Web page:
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    #178230 - 12/29/13 11:56 AM Parents not allowed to see test results?
    apm221 Offline
    Member

    Registered: 11/23/13
    Posts: 249
    I'm curious is anyone has insights about this before I arrange another meeting with my daughter's teacher. About once a month, the kids take a STAR assessment to monitor their progress. I know because my daughter tells me when they take it. I tried e-mailing the teacher to ask for her scores, but received no response. When I actually stopped by, I was told they are not allowed to give parents the scores and can just say general things like "your child is improving."

    I thought parents were generally always allowed access to educational records, unless maybe this is a school assessment issue? Are there legitimate reasons why a school would not share these types of scores with parents?

    I'd just like to understand the issues involved before I talk with them more. It's not really critical for me to see the scores, but I don't think she is really working at the right level and have been trying to negotiate with them.

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    #178232 - 12/29/13 12:20 PM Re: Parents not allowed to see test results? [Re: apm221]
    Loy58 Offline
    Member

    Registered: 09/11/13
    Posts: 816
    My DC's schools are the same way about test scores - drives me bonkers! Actually, under FERPA, you have a right to access your DC's academic records. I'm no expert and I have not had to resort to quoting the law to obtain records, but the schools are very slow to share them, and when they do they are often incomplete or partial. I try to limit my requests, but this has been a consistent problem and I think it probably partially due to some school personnel being unaware of the law - JMO.



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    #178234 - 12/29/13 01:11 PM Re: Parents not allowed to see test results? [Re: apm221]
    indigo Offline
    Member

    Registered: 04/27/13
    Posts: 4228
    I share your concern. It is important for parents/guardians to have data and information to track their children's academic growth. This best positions them to coach their child, partner with the school, or independently address at home any potential underlying issues, such as vision, hearing, potential LD, need for remediation/tutoring, experimenting with a different learning style, or need for greater academic challenge.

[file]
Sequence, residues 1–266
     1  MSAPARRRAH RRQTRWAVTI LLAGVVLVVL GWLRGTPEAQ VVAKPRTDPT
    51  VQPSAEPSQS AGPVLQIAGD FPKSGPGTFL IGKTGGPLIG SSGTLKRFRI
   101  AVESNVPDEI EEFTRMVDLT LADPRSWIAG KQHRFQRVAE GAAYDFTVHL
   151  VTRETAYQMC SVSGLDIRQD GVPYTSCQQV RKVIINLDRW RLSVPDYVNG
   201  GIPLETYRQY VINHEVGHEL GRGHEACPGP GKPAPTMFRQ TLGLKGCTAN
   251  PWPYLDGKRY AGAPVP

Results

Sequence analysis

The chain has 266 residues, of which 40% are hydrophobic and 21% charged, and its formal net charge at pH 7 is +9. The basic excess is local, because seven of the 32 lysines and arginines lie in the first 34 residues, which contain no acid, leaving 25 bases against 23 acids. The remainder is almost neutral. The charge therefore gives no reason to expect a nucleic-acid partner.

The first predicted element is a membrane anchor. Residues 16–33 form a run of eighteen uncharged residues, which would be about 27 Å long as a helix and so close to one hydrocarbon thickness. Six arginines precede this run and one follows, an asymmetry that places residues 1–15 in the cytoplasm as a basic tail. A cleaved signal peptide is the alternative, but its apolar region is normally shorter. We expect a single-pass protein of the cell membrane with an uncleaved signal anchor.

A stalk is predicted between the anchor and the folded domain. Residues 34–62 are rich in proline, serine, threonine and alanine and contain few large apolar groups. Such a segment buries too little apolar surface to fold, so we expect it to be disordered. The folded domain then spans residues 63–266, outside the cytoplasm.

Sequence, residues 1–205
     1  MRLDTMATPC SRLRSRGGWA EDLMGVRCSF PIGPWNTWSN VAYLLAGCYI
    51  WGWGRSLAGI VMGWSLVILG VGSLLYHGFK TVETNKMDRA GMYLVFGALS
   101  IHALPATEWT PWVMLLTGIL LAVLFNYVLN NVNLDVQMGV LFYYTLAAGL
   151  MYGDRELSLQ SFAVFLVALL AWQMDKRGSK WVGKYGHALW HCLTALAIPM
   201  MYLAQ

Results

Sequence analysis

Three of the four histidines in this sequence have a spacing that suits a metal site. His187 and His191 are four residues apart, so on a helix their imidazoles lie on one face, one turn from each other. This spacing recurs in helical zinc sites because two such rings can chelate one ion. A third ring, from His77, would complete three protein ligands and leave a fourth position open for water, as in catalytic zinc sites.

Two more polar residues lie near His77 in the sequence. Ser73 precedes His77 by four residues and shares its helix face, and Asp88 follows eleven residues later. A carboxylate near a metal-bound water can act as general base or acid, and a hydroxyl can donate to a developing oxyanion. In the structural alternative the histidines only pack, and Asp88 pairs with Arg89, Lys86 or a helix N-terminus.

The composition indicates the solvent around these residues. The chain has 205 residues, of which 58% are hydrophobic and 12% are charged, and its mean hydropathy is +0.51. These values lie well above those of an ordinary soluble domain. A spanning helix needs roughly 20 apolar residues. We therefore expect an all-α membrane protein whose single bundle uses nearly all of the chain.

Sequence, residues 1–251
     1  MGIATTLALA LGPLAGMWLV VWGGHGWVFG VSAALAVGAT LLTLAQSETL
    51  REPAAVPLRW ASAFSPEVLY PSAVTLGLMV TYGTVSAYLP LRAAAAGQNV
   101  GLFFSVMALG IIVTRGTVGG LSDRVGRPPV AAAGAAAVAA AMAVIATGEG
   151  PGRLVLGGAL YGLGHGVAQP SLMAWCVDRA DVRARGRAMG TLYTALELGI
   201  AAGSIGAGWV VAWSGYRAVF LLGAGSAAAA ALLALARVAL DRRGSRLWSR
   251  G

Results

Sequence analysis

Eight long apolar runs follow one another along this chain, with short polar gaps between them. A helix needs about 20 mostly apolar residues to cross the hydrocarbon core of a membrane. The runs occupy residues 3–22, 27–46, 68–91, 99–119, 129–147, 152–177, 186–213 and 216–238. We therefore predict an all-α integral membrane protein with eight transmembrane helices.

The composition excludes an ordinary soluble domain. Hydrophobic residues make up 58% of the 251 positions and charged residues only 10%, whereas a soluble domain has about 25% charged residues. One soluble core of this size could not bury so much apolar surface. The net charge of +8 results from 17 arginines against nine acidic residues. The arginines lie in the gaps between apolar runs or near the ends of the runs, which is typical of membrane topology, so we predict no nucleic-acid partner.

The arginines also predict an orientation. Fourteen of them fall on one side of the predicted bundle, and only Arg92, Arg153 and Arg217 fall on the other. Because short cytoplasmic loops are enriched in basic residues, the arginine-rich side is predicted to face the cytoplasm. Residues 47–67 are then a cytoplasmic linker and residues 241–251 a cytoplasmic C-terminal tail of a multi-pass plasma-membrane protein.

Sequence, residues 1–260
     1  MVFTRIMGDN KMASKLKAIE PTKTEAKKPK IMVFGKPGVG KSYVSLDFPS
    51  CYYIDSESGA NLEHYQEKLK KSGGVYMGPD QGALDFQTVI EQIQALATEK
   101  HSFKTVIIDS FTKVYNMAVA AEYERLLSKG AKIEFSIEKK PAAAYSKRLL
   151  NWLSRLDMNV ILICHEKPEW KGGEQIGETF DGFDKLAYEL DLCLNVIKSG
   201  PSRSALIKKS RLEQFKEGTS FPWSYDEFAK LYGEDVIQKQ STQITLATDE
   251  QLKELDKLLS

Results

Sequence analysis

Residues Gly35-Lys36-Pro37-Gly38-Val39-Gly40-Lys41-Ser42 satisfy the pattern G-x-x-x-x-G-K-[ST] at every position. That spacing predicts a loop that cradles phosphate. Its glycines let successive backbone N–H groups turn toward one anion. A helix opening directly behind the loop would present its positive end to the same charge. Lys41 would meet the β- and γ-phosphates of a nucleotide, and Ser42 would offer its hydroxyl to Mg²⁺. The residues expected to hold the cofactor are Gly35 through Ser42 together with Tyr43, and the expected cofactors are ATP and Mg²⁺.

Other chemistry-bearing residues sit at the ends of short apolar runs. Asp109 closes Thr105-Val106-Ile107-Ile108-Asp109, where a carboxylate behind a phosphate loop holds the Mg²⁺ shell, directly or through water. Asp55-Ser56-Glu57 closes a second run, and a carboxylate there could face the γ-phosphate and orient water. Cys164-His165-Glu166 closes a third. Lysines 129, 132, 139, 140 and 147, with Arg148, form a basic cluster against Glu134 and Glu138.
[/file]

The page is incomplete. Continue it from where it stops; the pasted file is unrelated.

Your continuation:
Interested parents may wish to check the website of the test company. STAR assessments are from Renaissance Learning (Renlearn.com). There is a parent's resource tab. The downloadable resource states
    Quote:
    How will I know how my child is doing? Please ask your child’s teacher for the results from any of the STAR assessments. Teachers can run a Parent Report for any of the STAR tests. Often teachers may share this information during a parent/teacher conference.
    Sample reports, and a book selection website are also shared.

    As a concerned parent, you may wish to check your school or district website to see if there is any information to manage your expectations about how frequently parents/guardians may receive pupil records, assessment results, progress reports, etc.

    You may also wish to check online to see what rules may be in place in your State regarding a pupil's education records.

    With the recent introduction of longitudinal data collection and student information systems, policies and laws may need to be developed regarding the handling of the many data points which may be collected.

    If you do not find policies or laws in place which list each piece of data collected and recognize the rights of parents/guardians to have access to review and correct each piece of information, you may wish to consider contacting a local school board member and/or state legislator who may be able to introduce such a policy or bill. Some possible reasons to include in an impact statement may be: fostering parental involvement, student support, and home-school partnership.

    In an educational system focused on benefitting the child, parents need to be fully informed with "primary source" data, not merely a summary of it.


    Edited by indigo (12/29/13 01:43 PM)
    Edit Reason: added paragraph about parent resources by RenLearn

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    #178236 - 12/29/13 01:30 PM Re: Parents not allowed to see test results? [Re: apm221]
    apm221 Offline
    Member

    Registered: 11/23/13
    Posts: 249
    These are not state mandated tests; they do those separately in the spring. This is something the school does to monitor progress and I'm just not sure why they wouldn't share the information. I will have to look up the legalities more if I can't get access, but I'm just not sure why they wouldn't want to share it. The teacher was actually looking at it while talking with me, so it wasn't difficulty of accessing the information.

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    #178239 - 12/29/13 01:38 PM Re: Parents not allowed to see test results? [Re: apm221]
    somewhereonearth Offline
    Member

    Registered: 04/17/13
    Posts: 351
    Originally Posted By: apm221
    These are not state mandated tests; they do those separately in the spring. This is something the school does to monitor progress and I'm just not sure why they wouldn't share the information. I will have to look up the legalities more if I can't get access, but I'm just not sure why they wouldn't want to share it. The teacher was actually looking at it while talking with me, so it wasn't difficulty of accessing the information.


    My DS's school does this from time to time. The reason that they haven't wanted to share information with me (sometimes) is because DS was doing so well, always 99th percentile. So, in their eyes there is nothing to show me. Of course, the first time I poked around and looked at my son's scores I realized that he was also scoring in the 99th percentile a few grade levels up. So, he was inappropriately placed in his classroom environment. Of course, this revelation began the year long conversation that we are currently having about how the school needs to meet my son's needs as he's demonstrated them.